February 3, 2021 11:58am
Chatham-Kent is about to receive a major upgrade to its internet service.
Southwestern Integrated Fibre Technology (SWIFT) announced on Wednesday it will begin $19.3 million worth of projects soon (February-November) to bring high-speed fibre-optic broadband services to more than 4,584 homes and businesses across the municipality, including Delaware First Nation in Moraviantown.
SWIFT said the broadband investment will bring greater connectivity to further support online learning, increase work-from-home opportunities, and unlock greater economic growth potential for businesses throughout the region.
Chatham-Kent Mayor Darrin Canniff said this is an amazing day for Chatham-Kent because residents, particularly those in rural areas, have long expressed a strong desire for high-speed internet.
“Internet is as important to us as water, hydro, and natural gas,” said the mayor.
Delaware First Nation Chief Denise Stonefish said the new high-speed internet service will open up more opportunities her community.
“It’s going to open so many doors for us, especially our youth,” said Chief Stonefish. “A number of First Nations are isolated communities and in many cases more so than rural communities. Our communities are surrounded by trees, which does not do us any good to try and access internet technology.”
The MP for Chatham-Kent Leamington Dave Epp said this is a good first step forward but more work needs to be done. Epp added this will level the playing field for all, including farmers, small businesses, and families.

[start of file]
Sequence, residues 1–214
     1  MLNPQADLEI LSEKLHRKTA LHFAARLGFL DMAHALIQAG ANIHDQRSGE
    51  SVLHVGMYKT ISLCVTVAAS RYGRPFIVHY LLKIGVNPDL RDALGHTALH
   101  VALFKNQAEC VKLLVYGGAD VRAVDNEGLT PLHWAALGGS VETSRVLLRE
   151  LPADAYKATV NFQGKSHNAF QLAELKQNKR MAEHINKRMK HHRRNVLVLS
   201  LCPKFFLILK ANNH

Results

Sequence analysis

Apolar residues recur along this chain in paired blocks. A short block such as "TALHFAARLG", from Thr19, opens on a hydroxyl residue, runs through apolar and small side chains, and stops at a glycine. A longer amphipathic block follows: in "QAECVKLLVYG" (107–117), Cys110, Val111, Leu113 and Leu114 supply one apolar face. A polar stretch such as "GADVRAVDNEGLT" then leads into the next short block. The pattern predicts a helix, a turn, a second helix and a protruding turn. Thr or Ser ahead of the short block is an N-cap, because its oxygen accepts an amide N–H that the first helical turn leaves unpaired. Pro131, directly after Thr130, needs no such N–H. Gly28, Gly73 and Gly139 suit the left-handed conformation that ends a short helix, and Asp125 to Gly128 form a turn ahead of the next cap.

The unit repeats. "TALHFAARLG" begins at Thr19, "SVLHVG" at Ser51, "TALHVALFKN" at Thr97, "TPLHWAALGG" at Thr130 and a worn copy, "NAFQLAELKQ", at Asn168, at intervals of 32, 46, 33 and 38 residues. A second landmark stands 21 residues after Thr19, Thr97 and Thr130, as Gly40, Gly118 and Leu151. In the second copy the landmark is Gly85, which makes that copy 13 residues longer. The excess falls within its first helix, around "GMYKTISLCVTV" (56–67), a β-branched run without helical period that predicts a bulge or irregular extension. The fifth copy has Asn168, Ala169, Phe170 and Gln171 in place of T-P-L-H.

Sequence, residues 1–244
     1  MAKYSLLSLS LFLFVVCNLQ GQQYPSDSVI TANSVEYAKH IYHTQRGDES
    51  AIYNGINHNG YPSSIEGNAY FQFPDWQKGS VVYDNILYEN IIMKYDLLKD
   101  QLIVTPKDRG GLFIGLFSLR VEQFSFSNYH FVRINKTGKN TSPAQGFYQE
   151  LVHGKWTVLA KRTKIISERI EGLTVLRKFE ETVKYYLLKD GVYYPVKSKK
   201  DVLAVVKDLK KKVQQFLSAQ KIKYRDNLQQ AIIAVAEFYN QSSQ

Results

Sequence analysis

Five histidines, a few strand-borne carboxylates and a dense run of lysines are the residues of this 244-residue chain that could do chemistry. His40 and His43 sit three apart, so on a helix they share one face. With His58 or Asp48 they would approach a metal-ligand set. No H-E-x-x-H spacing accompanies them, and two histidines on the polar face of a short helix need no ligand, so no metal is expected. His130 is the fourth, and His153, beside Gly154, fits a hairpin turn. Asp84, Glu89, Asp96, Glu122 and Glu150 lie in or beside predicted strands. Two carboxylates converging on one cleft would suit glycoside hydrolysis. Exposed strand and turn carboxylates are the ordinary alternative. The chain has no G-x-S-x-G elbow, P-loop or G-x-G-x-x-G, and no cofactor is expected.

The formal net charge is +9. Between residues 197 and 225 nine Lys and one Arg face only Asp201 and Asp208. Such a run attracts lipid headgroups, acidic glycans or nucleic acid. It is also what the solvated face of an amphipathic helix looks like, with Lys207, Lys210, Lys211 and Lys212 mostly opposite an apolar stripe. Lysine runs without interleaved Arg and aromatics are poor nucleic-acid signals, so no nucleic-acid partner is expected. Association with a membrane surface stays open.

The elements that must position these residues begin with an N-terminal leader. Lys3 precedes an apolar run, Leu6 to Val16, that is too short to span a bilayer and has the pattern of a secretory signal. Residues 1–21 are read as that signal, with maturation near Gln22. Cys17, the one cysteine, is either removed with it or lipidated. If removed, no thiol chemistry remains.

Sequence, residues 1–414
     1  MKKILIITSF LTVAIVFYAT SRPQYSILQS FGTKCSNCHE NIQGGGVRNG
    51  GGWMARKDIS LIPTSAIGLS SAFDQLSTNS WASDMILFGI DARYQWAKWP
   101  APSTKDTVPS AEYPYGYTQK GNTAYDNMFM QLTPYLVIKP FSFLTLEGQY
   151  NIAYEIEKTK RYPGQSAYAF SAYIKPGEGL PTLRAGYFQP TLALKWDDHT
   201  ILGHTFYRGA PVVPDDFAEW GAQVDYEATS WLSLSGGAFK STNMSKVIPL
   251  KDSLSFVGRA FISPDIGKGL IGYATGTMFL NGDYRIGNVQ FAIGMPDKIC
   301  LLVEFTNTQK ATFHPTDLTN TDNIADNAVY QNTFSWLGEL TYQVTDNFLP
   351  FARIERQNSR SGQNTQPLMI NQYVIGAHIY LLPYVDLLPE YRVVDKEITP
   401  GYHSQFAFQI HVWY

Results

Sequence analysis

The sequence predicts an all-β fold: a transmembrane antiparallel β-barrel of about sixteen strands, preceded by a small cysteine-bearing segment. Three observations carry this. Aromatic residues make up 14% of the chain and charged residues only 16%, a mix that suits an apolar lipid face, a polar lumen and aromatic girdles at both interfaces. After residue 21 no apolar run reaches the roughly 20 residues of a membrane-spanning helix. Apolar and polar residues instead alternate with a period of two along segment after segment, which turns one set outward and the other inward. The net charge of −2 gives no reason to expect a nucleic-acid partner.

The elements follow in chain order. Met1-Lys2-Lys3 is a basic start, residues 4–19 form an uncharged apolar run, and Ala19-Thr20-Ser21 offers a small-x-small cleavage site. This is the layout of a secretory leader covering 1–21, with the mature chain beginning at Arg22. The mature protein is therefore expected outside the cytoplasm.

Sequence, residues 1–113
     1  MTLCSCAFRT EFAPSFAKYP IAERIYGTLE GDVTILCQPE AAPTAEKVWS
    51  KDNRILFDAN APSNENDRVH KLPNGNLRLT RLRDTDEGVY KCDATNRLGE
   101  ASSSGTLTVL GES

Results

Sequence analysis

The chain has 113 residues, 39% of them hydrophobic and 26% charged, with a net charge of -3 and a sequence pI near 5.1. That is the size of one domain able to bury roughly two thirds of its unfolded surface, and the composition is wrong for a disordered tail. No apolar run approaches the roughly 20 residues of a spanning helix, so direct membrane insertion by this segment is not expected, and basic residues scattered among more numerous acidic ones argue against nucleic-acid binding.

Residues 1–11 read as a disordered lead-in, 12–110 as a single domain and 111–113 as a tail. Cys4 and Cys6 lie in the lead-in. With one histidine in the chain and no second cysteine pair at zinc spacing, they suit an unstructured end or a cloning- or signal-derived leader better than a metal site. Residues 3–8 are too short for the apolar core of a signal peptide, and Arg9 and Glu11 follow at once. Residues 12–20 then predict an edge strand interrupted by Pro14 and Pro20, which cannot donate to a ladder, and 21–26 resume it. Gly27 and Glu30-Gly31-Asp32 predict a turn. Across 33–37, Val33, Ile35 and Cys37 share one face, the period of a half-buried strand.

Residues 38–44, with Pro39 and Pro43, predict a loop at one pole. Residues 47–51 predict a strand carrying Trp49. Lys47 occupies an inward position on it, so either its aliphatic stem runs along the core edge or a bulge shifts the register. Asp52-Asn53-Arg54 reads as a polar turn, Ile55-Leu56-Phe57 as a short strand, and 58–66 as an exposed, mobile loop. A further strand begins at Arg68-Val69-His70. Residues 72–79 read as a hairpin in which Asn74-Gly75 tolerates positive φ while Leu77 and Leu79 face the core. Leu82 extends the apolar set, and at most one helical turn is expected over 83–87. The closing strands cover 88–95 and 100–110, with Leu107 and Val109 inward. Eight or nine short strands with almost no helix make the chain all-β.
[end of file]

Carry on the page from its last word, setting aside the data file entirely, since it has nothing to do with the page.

Local farm owner Jim Campbell said good, reliable internet is important to his business and agrees this is a great step to get started.
“When our family settled here in the 1830s, you looked for a spring where you could dig a well and get water,” he said. “Frankly, today with the technology at the farm, if I’m going to relocate my farm office I’m going to look to where I have a good internet connection.”
SWIFT said it will leverage $7.4 million in funding contributions from its member municipalities, including investments by Chatham-Kent, to support the expansion. SWIFT also thanked local service providers Cogeco and TekSavvy for their contribution of more than $11.9 million and their determination to get the work done. SWIFT Board Chair David Mayberry said without them Southwestern Ontario would have had an internet hole in its middle because Chatham-Kent was left out of government grants.
“The only place a hole is good is in the middle of a donut,” Mayberry said.
The newly awarded projects will lay fibre-optic cabling along 227 kilometres of under-served roadway. TekSavvy Solutions has been awarded funding to support three fibre-to-the-home projects.
The newly awarded projects will collectively service 99 kilometres of under-served roadway to bring high-speed internet to 1,782 homes and businesses throughout the communities of Mitchell’s Bay, Highgate, Tupperville, Dover Centre, Grande Pointe, Louisville, Kent Bridge, Muirkirk and Duart, as well as in rural areas outside of Wallaceburg, Dresden, Thamesville, Bothwell and Pain Court. The projects represent a collective total investment of approximately $9.2 million and will be completed with service available between late 2021 and early 2022.
SWIFT has signed an agreement with Cogeco to deploy fibre cabling along more than 115 kilometres of under-served roadway throughout the communities of Erieau, Erie Beach, Dealtown, North Buxton, Charing Cross, Cedar Springs, Shrewsbury, Rondeau Bay Estates, New Scotland, Rondeau Park and Morpeth to deliver high-speed internet to 2,802 businesses and homes. Construction of the $9.4 million fibre-to-the-home solution is expected to be completed with service available early-2023.